What goes around comes around, and keeping track of those annual rotations is what a calendar is all about.
Not all of those things rotate at the same speed, however, and several periodic calendar entries will converge in 2020.
That includes leap year, with its extra day. Feb. 29 keeps the calendar year synched with the solar year. (It takes about 365 days and six hours for Earth to circle the sun in what is called a “common” year.)
2020 definitely shapes up as an uncommon year, particularly with a presidential race. Nov. 3 is Election Day, but people won’t have to wait that long to vote. Clark County election officials will send out the mail-in ballots on Oct. 16. And, on a centennial election note, 2020 marks the 100th anniversary of women’s suffrage. The 19th Amendment was adopted in 1920, guaranteeing the right to vote for women.
Viewers will start tuning into the Summer Olympics on July 24. The world’s best athletes will compete in Tokyo for the residue of 6 million used mobile phones. Gold, silver and bronze for the medals was recycled from donated smartphones and other devices.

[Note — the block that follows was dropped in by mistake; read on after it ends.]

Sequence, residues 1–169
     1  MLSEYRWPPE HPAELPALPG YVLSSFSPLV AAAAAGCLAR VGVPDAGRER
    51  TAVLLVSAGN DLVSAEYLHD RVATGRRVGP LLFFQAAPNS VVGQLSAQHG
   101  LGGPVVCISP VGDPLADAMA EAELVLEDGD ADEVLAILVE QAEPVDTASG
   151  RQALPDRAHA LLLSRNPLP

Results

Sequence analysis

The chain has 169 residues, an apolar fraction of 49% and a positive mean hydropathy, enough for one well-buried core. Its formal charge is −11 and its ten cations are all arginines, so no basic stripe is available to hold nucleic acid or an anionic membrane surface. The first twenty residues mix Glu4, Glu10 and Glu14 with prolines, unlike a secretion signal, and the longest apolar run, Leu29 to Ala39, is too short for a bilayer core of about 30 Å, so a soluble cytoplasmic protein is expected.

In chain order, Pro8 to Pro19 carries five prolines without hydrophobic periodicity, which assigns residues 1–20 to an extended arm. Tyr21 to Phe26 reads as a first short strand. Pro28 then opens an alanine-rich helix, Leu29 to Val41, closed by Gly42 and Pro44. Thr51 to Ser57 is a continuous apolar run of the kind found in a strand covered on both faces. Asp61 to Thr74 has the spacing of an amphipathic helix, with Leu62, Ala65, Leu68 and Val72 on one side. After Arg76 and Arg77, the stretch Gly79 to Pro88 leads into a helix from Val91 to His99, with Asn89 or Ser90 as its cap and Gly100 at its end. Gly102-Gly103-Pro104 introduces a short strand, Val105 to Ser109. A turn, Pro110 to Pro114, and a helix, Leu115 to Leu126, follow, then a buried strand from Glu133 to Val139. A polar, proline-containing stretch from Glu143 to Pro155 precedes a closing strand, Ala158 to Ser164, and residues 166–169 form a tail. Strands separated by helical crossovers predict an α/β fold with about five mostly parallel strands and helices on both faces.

A 10-year cycle comes around again with the U.S. Census. April 1 is Census Day, though it has another designation on most calendars. By April 1, according to the Census Bureau, every home “will have received an invitation to participate.” (The tally actually is scheduled to begin on Jan. 21 in Alaska, where the head-counters need frozen ground to reach remote villages, according to the bureau website.)
Leap year does complicate one aspect of The Columbian’s own holiday calendar. Over the past few years, we have noted how vintage calendars can be put back on the wall, since the day-and-date grids for common years repeat on six- or 11-year cycles.
But leap years have a 28-year rotation. One option is to use two calendars. The 2014 calendar, for example, starts on Wednesday, Jan. 1, which works for 2020. At the end of February, replace it with a 2015 calendar and you will be up to date on Sunday, March 1.
If you have your heart set on a genuine leap year calendar, you have to jump back 28 years to 1992 — or maybe even 1964, which would be a heck of a leap.